But the story doesn’t end there. You see, it seems the driver’s widow took the railroad to court and the case came down to the testimony of one key witness. There was a night watchman who was to wave a lantern at the crossing, his job to warn the cars of oncoming trains. The night watchman testified in court, telling the judge: “As the car approach from down the road, I took my lantern and went to the road. There I began to wave my lantern back and forth while the train approached. I waved my lantern to warn the car, but it kept coming. And the train got closer. But the car would not slow down. So I stood out there and waved my lantern furiously. I waved it back and forth, continually. But the driver, he ignored me and he drove right to the tracks. The watchman continued, saying “I was terrified. I was horrified. I saw with my own eyes how he was killed by the oncoming train.”
When the testimony was finished, a moment passed. Then the plaintiff’s attorney rose to cross examine him, and said: “I have just one question: was the lantern lit?” And at that, the watchman began to shake and tears started down his check. And the question went unanswered, for his silence said it all. The night watchman, the one whose task was to guard this flame, he just didn’t know if he had kindled the flame.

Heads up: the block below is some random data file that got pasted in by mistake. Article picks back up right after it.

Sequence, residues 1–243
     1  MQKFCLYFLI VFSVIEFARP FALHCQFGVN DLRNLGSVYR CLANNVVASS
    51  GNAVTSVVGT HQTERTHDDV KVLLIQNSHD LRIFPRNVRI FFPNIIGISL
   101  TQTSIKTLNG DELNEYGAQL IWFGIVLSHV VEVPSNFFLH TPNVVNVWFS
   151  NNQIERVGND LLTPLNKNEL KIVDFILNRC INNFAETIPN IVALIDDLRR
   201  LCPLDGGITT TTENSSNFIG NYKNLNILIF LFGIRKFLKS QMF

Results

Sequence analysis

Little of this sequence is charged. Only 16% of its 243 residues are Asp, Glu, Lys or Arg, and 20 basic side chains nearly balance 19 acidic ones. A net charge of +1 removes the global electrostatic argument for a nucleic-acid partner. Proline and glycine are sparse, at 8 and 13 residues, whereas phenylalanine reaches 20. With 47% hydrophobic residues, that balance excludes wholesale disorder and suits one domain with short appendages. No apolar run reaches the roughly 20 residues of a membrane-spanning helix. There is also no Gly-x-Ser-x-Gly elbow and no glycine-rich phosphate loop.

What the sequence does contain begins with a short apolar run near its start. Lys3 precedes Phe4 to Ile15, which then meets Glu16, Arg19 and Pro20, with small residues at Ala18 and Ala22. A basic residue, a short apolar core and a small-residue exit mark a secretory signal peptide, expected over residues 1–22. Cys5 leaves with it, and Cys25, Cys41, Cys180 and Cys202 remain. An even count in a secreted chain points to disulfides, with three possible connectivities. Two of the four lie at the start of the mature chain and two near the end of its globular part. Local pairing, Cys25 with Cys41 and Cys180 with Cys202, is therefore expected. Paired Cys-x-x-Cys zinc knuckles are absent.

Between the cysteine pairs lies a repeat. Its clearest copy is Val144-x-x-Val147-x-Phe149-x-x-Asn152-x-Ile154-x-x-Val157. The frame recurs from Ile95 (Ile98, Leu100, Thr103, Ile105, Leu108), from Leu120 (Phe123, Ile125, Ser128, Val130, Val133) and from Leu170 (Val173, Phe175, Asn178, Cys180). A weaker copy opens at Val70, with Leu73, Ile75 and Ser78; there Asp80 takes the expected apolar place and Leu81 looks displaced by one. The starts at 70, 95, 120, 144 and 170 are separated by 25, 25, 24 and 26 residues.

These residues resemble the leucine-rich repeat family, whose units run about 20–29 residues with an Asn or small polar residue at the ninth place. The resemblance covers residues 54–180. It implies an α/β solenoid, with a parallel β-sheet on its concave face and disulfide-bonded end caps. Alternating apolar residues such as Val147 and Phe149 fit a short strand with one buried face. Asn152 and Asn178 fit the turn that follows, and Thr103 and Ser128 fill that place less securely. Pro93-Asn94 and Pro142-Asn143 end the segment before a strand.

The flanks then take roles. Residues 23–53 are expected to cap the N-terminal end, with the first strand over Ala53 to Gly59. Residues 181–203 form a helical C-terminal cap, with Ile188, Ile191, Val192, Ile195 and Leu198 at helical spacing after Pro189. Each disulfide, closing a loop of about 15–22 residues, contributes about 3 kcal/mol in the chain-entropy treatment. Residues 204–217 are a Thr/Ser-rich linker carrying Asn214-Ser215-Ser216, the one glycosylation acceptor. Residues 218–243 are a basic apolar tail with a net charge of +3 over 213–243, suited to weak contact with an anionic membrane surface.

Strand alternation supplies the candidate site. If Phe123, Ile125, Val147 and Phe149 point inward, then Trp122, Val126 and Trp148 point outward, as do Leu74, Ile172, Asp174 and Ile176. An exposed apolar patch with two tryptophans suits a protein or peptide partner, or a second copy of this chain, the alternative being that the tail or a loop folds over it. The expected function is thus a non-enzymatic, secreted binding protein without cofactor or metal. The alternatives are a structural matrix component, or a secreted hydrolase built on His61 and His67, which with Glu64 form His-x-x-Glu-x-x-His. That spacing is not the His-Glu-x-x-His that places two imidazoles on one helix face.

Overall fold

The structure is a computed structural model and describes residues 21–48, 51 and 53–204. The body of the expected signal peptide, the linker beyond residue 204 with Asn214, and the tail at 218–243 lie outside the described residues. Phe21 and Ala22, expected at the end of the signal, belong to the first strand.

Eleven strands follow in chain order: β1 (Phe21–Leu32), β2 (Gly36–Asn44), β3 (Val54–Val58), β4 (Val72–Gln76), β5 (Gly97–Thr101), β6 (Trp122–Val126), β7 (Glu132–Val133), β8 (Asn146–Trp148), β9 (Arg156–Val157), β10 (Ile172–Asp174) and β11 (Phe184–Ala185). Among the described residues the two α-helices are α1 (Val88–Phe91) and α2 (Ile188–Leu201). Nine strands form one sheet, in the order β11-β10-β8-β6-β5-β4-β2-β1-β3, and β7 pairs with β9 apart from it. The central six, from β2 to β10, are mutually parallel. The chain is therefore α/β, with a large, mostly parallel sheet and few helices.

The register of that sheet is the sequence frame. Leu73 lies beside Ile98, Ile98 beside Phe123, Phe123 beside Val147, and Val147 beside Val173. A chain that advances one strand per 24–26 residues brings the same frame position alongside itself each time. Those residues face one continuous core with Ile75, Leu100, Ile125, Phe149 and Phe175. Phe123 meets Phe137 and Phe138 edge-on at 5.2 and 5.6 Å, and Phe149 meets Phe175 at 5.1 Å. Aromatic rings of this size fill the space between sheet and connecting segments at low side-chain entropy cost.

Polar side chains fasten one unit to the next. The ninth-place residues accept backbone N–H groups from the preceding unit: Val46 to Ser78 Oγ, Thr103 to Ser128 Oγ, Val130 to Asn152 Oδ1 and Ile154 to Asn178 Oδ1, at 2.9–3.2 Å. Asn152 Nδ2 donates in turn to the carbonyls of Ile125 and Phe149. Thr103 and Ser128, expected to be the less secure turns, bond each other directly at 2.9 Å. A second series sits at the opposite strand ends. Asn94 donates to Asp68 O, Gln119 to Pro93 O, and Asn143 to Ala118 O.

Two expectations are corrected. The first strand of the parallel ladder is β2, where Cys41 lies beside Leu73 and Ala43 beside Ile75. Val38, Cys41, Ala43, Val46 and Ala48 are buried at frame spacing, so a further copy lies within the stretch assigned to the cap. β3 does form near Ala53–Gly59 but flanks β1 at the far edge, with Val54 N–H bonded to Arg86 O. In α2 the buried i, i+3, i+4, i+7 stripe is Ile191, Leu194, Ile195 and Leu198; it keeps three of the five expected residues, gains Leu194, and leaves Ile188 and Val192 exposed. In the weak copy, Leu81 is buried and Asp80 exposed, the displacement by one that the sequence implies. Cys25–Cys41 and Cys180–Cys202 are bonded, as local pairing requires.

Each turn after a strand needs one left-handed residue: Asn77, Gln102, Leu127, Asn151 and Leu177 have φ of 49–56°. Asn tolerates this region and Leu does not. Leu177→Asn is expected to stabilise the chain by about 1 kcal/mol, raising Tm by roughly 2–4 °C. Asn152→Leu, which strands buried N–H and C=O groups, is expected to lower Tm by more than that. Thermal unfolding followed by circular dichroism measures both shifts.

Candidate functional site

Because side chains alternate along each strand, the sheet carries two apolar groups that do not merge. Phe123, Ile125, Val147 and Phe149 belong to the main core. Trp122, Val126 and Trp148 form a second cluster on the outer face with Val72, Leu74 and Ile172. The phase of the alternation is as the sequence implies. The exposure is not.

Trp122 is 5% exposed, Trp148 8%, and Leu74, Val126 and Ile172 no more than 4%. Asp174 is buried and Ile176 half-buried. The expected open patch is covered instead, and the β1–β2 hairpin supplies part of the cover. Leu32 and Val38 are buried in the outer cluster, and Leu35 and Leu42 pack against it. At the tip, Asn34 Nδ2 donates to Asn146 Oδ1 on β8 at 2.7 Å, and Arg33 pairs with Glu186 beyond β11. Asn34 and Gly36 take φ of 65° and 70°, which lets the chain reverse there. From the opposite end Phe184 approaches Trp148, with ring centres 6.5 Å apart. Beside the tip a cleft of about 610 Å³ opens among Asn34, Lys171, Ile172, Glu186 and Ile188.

It is Yom Hashoah V’Gevurah. I love our people and our public commitment to act in the world so that a Shoah can never be repeated. But I am afraid. I am afraid that perhaps we have not guarded the flame. For too long we and our communities have carried our lanterns. We have carefully held and protected the container in which the flame might dwell and shed light.
Our studies to date, our prayers, our activities to better our world, they’ve helped us grab ahold of the lantern. Our teachers taught us when and where to wave the lantern back and forth with great vigor and spirit. But there is an oncoming train to right where we are standing, and only we can kindle the flame. Only we can light our Jewish souls aflame, each and every day. Only we can protect the world from a Shoah because generation after generation, we have been taught what a hateful pogrom looks like from the inside. And if we are to live up to the purpose of our faith, we had better respond to the most decisive question life will ever throw at us. Is our lantern lit? Is our candlewick lit?
For if it is, we’ll stand up and speak out even when it is unpopular. We’ll be willing to sacrifice what is convenient for what is driven by our conscience. And then we’ll never stop demonstrating that no one in this world is to be forgotten or written off. Judaism tells us that no one on this planet, no one has our permission to treat others like garbage, not in Syria nor Chechnya, not in Cleveland nor in Kabul. Committing on this holiday to guard this mitzvah permanently will fill our house, the whole house of Israel, with light. Keyn Yehi Ratzon, So may it radiate for even God to see.